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Tag: Egyptian National Archives

Adventures in the Archives (7): Hamama the foul-mouthed woman

This is a case from 1054 AH / 1644 CE And this is how it appears on the entire page of the register (the uppermost case): and this is a transcription of the case:     And this is a pdf of the transcription: Hamama the foul-mouthed woman-transcription Advertisements

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Adventures in the archives (4)

In spring 2017, I taught a class at Harvard on Arabic paleography and archival skills. Each week, we’d read a couple of Arabic, hand-written archival documents that I had culled from the Egyptian National Archives. The documents were mostly from the 19th century, although some dated from the 16th and 17th centuries. I’d have the documents transcribed and the quaint and odd words explained in advance. On their part, the students were supposed to a. translate the document,  and b. practice reading it at home and be prepared to read it in class from the original, hand-written text. The documents ranged…

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Adventures in the Archives (3)

Last semester, spring 2017, I taught a class at Harvard on Arabic paleography and archival skills. Each week, we’d read a couple of Arabic, hand-written archival documents that I had culled from the Egyptian National Archives. The documents were mostly from the 19th century, although some dated from the 16th and 17th centuries. I’d have the documents transcribed and the quaint and odd words explained in advance. On their part, the students were supposed to a. translate the document,  and b. practice reading it at home and be prepared to read it in class from the original, hand-written text. The documents…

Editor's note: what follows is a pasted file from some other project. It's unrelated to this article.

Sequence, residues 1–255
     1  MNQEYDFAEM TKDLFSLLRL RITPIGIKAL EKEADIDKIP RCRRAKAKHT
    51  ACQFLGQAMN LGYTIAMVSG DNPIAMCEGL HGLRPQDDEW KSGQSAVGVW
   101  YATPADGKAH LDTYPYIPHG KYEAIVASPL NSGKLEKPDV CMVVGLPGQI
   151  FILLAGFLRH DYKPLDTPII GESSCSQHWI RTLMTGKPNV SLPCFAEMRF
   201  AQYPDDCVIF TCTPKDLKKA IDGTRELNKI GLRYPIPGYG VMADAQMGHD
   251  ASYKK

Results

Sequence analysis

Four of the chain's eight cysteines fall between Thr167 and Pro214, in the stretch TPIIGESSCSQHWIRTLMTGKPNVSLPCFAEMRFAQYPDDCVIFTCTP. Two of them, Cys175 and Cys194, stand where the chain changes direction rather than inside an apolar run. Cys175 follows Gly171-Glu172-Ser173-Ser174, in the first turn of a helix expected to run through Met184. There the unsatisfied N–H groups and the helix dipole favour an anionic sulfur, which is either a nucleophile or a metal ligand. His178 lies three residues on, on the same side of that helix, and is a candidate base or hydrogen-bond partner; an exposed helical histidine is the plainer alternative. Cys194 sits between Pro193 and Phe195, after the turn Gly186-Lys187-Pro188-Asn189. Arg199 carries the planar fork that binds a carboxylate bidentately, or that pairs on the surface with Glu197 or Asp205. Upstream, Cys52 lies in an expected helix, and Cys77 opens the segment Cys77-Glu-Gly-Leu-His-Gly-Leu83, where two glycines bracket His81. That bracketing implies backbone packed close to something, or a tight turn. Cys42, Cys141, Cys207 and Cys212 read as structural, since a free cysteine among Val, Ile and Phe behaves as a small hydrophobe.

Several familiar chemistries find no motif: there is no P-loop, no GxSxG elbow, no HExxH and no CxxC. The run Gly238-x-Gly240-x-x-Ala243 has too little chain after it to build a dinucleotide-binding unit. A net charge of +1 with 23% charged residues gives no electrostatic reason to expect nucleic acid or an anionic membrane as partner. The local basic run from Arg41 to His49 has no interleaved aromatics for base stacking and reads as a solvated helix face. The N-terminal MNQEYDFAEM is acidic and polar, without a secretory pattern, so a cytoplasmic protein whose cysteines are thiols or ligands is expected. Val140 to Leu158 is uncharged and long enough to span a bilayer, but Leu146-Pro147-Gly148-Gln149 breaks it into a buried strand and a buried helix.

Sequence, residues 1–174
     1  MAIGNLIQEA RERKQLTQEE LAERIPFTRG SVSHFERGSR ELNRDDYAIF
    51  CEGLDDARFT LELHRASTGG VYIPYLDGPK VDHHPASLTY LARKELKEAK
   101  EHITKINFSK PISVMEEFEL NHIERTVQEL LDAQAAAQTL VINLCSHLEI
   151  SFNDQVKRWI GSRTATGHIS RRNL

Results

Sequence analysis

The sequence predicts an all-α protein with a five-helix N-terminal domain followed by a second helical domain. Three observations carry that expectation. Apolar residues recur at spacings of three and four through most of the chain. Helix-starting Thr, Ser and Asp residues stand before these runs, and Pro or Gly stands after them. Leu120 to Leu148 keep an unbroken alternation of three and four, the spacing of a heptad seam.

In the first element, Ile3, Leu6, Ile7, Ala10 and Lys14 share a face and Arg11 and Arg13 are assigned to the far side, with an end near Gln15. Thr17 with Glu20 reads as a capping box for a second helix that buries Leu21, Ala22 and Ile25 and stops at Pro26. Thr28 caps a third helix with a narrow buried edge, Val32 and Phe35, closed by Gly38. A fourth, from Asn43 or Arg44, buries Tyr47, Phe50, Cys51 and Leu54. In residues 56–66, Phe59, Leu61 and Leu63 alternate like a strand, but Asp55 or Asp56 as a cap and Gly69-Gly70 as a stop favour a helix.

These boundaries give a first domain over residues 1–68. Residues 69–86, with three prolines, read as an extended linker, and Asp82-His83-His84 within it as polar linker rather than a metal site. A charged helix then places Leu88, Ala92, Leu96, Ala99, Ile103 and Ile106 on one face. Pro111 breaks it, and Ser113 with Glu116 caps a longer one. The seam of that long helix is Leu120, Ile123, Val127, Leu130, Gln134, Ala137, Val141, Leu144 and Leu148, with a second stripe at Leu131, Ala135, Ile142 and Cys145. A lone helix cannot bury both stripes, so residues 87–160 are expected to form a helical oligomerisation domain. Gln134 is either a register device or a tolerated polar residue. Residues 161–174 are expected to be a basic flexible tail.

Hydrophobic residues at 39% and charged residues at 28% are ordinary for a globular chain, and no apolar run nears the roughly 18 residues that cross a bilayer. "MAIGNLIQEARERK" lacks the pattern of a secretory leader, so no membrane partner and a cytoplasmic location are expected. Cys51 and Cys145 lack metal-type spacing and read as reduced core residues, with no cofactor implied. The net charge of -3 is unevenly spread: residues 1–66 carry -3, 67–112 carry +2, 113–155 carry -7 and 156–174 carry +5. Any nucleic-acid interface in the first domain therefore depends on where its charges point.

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Adventures in the Archives (2)

Last semester, spring 2017, I taught a class at Harvard on Arabic paleography and archival skills. Each week, we’d read a couple of Arabic, hand-written archival documents that I had culled from the Egyptian National Archives. The documents were mostly from the 19th century, although some dated from the 16th and 17th centuries. I’d have the documents transcribed and the quaint and odd words explained in advance. On their part, the students were supposed to a. translate the document,  and b. practice reading it at home and be prepared to read it in class from the original, hand-written text. The documents…

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Adventures in the Archives (1)

Last semester, spring 2017, I taught a class at Harvard on Arabic paleography and archival skills. Each week, we’d read a couple of Arabic, hand-written archival documents that I had culled from the Egyptian National Archives. The documents were mostly from the 19th century, although some dated from the 16th and 17th centuries. I’d have the documents transcribed and the quaint and odd words explained in advance. On their part, the students were supposed to a. translate the document,  and b. practice reading it at home and be prepared to read it in class from the original, hand-written text. The documents…

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Mr Minister, what are you talking about?